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Hagerstown City Council mulls weapons measure

Police chief: State's firearm law pre-empts most local government firearm regulations, and those regulations currently included in the City Code must be stricken

June 12, 2013|By HOLLY SHOK | holly.shok@herald-mail.com

With a section of the city’s firearm regulations requiring repeal because it is superseded by state law, the Hagerstown police chief wants to take the opportunity to “close a gap” in current restrictions by making it unlawful to possess and transport weapons on city streets unless they are unloaded and enclosed in a case. 

Police Chief Mark Holtzman told the mayor and five-member city council Tuesday during a work session at City Hall that the state’s firearm law pre-empts most local government firearm regulations, and those regulations currently included in the Hagerstown City Code must be stricken.

However, the state law does allow the city to place regulations on weapons, including air guns, blow guns, spring guns, gas operated guns, blow pipes, slingshots or any “other contrivance manufactured and calculated to throw, sling or discharge any shot or other missile,” according to a draft of a proposed ordinance prepared by City Attorney Bill Nairn.

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“Maryland law supersedes any local law,” Holtzman said. “The old ordinance for weapons lumped firearms and weapons together; this splits them apart. Firearms are covered under Maryland law, so they are lifted out separately.”

Holtzman said the city ordinance currently permits weapons to be openly carried, which has resulted in many 911 calls from callers who have seen persons carrying weapons, such as BB guns, near schools.

“What I’ve asked here to do in this ordinance is require those weapons to be carried in a case. Carry them, just put them in a locked case, and it kind of removes the danger we get called out for,” Holtzman said. “... We won’t have the 911 call that comes in because there’s so many schools in the city, and you see somebody carrying a weapon — everybody’s sensitive to that.”

Nairn said municipalities are allowed to regulate the discharging of both firearms and weapons. Under the proposed ordinance, both firearms and weapons still cannot be fired within city limits.

State law additionally permits municipalities to prohibit both firearms and weapons from “certain places of public assembly,” Holtzman said.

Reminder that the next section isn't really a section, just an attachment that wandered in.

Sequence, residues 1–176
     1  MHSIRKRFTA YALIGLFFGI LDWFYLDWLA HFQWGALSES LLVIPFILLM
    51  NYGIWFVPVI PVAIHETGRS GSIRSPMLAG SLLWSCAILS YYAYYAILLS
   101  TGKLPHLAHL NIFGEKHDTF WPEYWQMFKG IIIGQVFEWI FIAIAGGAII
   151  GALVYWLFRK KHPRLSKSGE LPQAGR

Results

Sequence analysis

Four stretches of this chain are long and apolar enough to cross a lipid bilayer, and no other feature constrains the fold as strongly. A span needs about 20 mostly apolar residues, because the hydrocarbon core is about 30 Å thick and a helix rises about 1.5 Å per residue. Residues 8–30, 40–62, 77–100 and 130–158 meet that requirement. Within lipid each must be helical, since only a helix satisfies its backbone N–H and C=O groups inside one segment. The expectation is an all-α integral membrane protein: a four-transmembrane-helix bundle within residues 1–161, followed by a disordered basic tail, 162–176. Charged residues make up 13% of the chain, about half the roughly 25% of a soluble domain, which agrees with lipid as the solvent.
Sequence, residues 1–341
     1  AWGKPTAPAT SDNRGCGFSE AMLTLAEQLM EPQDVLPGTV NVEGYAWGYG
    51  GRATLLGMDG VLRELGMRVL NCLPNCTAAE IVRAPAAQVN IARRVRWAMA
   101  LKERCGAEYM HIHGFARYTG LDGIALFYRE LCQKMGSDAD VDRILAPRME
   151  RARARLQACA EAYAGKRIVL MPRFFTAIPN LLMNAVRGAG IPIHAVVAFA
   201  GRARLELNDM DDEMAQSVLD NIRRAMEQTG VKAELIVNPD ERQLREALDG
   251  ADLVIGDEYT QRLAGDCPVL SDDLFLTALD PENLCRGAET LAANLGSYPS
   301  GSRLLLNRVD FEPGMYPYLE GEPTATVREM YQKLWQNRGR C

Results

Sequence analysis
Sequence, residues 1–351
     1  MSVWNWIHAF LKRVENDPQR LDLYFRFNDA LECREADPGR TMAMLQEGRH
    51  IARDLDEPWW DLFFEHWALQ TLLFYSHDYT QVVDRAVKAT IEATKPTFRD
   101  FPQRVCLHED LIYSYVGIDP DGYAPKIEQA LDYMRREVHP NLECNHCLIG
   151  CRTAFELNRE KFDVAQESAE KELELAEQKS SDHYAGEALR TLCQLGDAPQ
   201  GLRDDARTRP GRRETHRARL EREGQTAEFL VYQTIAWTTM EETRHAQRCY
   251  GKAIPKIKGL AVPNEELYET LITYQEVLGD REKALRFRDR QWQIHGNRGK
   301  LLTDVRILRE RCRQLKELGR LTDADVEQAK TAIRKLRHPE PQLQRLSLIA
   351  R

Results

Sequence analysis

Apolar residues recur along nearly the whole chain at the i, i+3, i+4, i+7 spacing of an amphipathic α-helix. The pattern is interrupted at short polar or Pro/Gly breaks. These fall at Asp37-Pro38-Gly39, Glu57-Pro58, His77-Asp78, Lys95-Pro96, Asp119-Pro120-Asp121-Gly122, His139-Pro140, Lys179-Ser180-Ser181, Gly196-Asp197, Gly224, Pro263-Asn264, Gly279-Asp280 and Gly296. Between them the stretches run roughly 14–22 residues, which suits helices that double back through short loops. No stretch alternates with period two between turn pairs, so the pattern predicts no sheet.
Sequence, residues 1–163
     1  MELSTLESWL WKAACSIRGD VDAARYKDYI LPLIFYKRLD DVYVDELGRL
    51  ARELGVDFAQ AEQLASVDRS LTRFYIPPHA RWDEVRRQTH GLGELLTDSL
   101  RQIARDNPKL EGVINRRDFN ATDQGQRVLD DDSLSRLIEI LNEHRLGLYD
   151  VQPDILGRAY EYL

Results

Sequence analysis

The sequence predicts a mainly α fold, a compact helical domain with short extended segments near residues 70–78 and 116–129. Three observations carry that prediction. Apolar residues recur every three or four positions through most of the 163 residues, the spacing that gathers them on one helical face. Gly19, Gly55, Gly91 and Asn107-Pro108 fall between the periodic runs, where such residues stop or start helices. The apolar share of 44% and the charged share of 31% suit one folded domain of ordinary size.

Designated places would be “conspicuously” marked and the restriction would apply to those with concealed-carry permits but not law-enforcement officers, Holtzman said.

The council could decide if and which places of “public assembly” they would designate to prohibit firearms and weapons and also choose to extend the limit up to 100 yards away from the designated places.

“You could extend that, in theory, to a public event,” Holtzman said, suggesting events such as the Blues Fest because it is gated, but not a parade, which would be too difficult to “police.”

Council members were not in favor of the 100-yard provision, and after further discussion, Holtzman agreed the provision probably would not work with the “makeup” of the city.

Council members also did not agree with the wording of the proposed ordinance as presented by Holtzman and Nairn during the 30-minute discussion in council chambers.

“We’re making it unlawful to possess a BB gun in your house unless it’s unloaded and in an enclosed carrying case,” Councilman Lewis C. Metzner said.

Holtzman said a clarification could be made to only include public streets or sidewalks.

Metzner also argued that the discharging of a firearm or weapon “for the legitimate protection of life” should be allowed and included in the amended city code.

Council members expressed concern that the new ordinance could “criminalize” law-abiding citizens.

“This is a larger issue than we’re used to being brought before city council. I think not only do you need to do more work on this, but I think the city council and the mayor is planning on having a public hearing on the product, and let the citizens talk about this,” Councilman Donald F. Munson said.

The topic is slated for a future work session after Holtzman and city officials make  revisions to the proposed ordinance.

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